By Alexander Deedy
Independent Record, Helena, Mont.
Caitlyn Fransen first joined the Women’s Leadership Network when she moved to Helena three years ago after graduating from the University of Montana in Missoula.
At one of her first meetings, Fransen met Samantha Erpenbach, who worked as a conference planner. The two got to know each other over time, and when Fransen was applying for a job as the education and conferences coordinator with the Montana Hospital Association, she reached out to Erpenbach for help.
The more experienced professional took Fransen under her wing and guided her through the application. About eight months ago the Montana Hospital Association hired her.
“Those relationships I built through WLN have really propelled me forward in my career,” Fransen said.
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Now celebrating its 30th year as an organization, the Helena-based Women’s Leadership Network is reinventing itself in an effort to appeal to any woman who wants to improve her professional life.
WLN launched in 1985 as the Montana Association for Female Executives, an exclusive association that targeted women in the upper echelon of government or corporate hierarchy.
As the workforce and women’s role within it changed, MAFE members rebranded the group as the Women’s Leadership Network in 2004.
The organization is doing a sort of rebranding expansion, promoting itself on social media and reaching to attract the young, professional women.
“Really, any woman who wants to reach further in their professional life is welcome,” WLN President Mary Palkovich said, adding that WLN is especially seeking to engage the younger demographic of up-and-coming female professionals, like Caitlyn Fransen.
Palkovich said Fransen “represents a really great vision of what we would like to see more of in women’s leadership.”
The organization has 69 members now, and Palkovich is hoping to reach 100 by the end of this year. Though dominated by women who live in Helena, Palkovich said any woman in Montana is welcome to join. The Helena group is also working to communicate and interact more with professional women’s organizations in Great Falls, Bozeman and Missoula.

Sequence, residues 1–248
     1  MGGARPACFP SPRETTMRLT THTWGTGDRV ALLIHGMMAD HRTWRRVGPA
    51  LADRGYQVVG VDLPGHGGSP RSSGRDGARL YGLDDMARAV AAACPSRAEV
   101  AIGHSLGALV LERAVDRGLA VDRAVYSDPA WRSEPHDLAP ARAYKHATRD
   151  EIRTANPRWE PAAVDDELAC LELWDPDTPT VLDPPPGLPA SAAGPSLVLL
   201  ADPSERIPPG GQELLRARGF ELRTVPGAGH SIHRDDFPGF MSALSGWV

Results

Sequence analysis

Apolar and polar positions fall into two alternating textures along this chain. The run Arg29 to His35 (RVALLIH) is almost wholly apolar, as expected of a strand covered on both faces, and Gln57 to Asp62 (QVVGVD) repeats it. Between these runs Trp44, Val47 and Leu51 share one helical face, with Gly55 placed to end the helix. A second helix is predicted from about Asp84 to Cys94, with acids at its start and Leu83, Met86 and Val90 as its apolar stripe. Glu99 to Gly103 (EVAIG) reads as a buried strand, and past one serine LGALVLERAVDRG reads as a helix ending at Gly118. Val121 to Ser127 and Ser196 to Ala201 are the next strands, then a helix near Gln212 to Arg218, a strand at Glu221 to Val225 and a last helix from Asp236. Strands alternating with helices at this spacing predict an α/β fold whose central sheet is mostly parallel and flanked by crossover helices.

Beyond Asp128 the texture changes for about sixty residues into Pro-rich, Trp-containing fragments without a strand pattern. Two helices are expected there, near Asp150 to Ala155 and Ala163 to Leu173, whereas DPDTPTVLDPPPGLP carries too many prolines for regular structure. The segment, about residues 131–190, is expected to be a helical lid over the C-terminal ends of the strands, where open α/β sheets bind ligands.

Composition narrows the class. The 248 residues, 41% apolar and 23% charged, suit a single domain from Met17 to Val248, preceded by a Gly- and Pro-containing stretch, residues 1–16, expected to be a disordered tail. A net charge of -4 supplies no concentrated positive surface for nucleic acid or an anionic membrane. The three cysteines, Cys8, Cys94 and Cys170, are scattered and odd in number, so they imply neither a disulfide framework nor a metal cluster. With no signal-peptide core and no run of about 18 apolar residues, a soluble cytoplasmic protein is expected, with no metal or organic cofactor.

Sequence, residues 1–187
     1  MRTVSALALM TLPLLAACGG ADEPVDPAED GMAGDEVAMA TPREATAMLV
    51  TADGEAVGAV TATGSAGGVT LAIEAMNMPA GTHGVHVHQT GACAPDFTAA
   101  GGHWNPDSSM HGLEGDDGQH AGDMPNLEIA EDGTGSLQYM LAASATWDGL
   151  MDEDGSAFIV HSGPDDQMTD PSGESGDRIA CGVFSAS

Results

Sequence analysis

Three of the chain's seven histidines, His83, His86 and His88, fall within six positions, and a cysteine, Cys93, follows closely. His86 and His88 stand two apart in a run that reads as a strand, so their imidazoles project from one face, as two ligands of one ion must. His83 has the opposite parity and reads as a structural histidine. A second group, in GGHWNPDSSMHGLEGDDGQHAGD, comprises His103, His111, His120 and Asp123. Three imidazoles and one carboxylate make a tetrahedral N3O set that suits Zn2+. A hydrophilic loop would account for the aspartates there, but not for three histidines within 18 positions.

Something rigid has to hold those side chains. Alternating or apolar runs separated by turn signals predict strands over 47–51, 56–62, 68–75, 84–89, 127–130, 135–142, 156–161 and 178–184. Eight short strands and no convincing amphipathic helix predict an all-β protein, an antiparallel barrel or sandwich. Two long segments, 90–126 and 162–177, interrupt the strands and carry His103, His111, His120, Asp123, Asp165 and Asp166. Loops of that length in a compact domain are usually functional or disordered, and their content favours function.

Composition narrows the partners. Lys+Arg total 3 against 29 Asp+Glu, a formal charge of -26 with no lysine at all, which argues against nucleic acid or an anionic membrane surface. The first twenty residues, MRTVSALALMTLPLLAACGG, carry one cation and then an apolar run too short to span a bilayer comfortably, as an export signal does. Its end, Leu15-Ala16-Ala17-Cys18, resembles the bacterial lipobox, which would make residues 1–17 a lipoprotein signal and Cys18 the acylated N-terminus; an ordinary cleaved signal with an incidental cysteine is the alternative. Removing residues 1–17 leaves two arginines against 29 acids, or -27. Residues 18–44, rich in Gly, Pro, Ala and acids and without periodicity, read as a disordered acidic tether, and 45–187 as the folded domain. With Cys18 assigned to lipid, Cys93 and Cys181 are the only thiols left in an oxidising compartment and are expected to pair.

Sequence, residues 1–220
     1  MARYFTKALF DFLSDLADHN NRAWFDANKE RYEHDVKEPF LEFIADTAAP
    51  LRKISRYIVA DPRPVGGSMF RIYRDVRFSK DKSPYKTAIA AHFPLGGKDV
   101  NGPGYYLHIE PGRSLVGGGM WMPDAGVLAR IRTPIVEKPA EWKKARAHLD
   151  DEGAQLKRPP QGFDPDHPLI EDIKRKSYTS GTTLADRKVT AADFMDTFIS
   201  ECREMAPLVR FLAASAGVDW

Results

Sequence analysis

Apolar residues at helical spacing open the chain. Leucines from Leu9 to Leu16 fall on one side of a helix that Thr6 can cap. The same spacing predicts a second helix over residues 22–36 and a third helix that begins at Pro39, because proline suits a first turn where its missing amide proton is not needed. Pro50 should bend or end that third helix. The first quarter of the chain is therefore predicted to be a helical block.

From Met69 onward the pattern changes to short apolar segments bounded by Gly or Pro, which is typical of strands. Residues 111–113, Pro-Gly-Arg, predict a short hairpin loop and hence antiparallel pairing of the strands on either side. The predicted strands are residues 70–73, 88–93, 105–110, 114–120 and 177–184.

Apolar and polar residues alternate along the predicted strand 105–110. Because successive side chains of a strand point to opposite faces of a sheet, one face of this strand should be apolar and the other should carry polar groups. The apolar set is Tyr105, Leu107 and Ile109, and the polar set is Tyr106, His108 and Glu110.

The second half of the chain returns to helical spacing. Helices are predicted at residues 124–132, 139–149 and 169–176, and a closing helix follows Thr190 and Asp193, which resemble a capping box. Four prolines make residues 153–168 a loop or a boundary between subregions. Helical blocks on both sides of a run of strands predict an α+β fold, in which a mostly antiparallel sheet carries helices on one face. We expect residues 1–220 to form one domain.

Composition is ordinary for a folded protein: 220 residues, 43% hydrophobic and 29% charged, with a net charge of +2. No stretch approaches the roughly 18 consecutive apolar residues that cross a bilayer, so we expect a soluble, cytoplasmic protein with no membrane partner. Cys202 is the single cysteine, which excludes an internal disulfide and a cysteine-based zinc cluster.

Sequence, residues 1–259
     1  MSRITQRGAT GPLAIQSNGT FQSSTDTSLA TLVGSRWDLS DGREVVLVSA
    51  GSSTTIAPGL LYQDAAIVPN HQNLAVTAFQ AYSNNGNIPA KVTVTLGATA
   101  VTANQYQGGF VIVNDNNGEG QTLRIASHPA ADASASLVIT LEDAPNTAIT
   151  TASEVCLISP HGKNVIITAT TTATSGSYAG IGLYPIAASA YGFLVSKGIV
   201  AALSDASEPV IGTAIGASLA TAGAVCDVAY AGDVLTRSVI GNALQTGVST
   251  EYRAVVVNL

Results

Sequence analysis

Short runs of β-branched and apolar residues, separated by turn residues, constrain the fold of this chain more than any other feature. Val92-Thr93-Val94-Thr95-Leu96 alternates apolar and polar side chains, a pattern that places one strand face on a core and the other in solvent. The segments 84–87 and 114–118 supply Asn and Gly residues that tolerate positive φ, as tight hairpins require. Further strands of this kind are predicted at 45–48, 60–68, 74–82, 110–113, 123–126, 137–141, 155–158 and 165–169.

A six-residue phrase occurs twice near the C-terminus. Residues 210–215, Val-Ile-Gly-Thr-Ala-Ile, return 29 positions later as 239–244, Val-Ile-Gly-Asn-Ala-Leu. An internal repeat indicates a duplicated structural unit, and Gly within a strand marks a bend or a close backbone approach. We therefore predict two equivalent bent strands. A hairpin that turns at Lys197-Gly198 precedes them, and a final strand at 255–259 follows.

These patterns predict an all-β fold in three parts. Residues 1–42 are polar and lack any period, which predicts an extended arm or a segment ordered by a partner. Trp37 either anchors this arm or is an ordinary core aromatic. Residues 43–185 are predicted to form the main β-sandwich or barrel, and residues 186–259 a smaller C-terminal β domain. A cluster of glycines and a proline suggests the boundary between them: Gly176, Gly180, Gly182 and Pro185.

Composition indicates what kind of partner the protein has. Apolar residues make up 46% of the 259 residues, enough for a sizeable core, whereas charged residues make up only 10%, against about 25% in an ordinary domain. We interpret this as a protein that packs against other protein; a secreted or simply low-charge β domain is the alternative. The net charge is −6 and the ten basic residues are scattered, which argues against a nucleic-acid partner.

As WLN grows, Palkovich wants to see the group become more active in the community by participating more frequently in events like NAMIWalk or Race for the Cure. If the group grows large enough to amalgamate the funding, Palkovich said, she would love for WLN to offer a scholarship.
The network holds monthly lunch meetings in the Montana Club room on Sixth Avenue. Each luncheon features a guest speaker that discusses topics relating to leadership or community.
Recent speakers include Anne Perkins, who founded the anthrozoology program at Carroll College, and Chance Eaton, an International Business Coach who discussed developing employee engagement.
Palkovich said the group is planning a celebration for its 30th anniversary, but hasn’t set a firm date. As part of the celebration WLN is reaching out to all of the past presidents over the organization’s 30 years.
Ellen Feaver served as the group’s first president while she was a cabinet member under Montana Gov. Theodore Schwinden.
Feaver had attended a retreat of professional women in Billings and figured Helena women could use a similar network of support.
“Women have always had a more difficult job in the workplace than men have, and 30 years ago it was even more so,” she said.
“I was in a position where I learned a lot. I felt like I had the energy and the knowledge to support other women in our community,” Feaver added.
Feaver said she’s thrilled that the WLN is still running and she feels it still serves an important role for networking and support among professional ladies.
To attract new members WLN is holding a “mixer” on Tuesday, March 10, from 5-7 p.m. at the Hampton Inn, 725 Carter Drive.
“It’s a really good way to get the insight into the Helena community,” Fransen said about the organization.
She added about the women who participate: “We’re really good colleagues, but we’re also really good friends and supportive of each other.”
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